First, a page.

In 2019, the Idaho Legislature’s Office of Performance Evaluations (OPE) published a report acknowledging Idaho’s reliance on fines and fees as a source of court funding. According to the report Idaho residents owed a total of more than $268 million in delinquent court debt. In this article, the authors further examine the state’s reliance on monetary sanctions, focusing on fees in the juvenile delinquency system, and recommending a pathway to ending the harmful impact of monetary sanctions.
Access the full article here.
- Idaho law gives judges the discretion to impose fines in all criminal cases, but requires an administrative surcharge fee in every criminal case.
- In 2015, Idaho courts ordered $65 million in criminal fines and fees– a significant majority of the courts’ gross revenue.
- There is no law or policy to determine when a defendant is unable to pay fines and fees, or when to write off or waive unpaid debt.
- Youth in Idaho can be charged fees at many points during a juvenile proceeding, mostly without considering the youth or their family’s ability to pay. Costs imposed can include fees for a court appointed public defender, supervision, electronic monitoring, costs of detention, and court ordered treatments or classes.
- In 2020, Idaho adopted new juvenile fees for electronic monitoring and drug and alcohol testing.
- Outstanding juvenile fees are subject to a 12 percent annual interest rate and nonpayment can result in arrest, wage garnishment, or tax fund interception.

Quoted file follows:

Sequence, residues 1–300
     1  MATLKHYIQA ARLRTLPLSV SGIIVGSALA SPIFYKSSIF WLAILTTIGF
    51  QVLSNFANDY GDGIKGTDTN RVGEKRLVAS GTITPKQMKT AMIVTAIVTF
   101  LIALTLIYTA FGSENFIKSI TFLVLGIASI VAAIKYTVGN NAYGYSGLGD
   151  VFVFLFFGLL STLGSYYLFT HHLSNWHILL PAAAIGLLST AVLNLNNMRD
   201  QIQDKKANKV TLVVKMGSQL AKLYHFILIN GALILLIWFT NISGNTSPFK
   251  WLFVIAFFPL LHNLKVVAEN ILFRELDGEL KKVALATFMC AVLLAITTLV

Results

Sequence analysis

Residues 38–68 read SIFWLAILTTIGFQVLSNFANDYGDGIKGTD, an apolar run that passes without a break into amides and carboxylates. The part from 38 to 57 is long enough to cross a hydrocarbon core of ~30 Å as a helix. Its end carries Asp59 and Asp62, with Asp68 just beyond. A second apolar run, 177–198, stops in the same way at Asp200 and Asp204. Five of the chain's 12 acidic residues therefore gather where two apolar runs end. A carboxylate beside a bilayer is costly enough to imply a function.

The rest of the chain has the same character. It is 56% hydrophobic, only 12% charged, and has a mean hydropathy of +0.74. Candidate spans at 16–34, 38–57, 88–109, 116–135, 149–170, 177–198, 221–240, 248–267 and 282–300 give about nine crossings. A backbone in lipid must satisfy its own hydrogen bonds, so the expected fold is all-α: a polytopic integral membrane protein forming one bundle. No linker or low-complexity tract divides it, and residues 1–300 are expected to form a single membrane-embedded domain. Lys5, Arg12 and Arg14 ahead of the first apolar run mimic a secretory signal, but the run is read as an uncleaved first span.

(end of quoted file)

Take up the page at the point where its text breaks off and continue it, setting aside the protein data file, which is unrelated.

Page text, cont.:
- Court agencies, counties and juvenile courts should exercise their discretion to end juvenile fees immediately.
- Place a moratorium on all garnishments, liens, tax refund intercepts, interest accrual and other harmful penalties and collection measures.
- Courts should stop issuing and recall all arrest warrants for unpaid court debt and never refer debt to private collections.
- The legislature should eliminate fees while preserving funding for important state and local programs with tax dollars and waive outstanding debt.
- County Boards of Commissioners should pass ordinances barring the imposition of all discretionary fees.
- Counties should cancel all outstanding debt from fees and cancel contracts with private debt collection agencies seeking to recover juvenile fees from Idaho youth and families.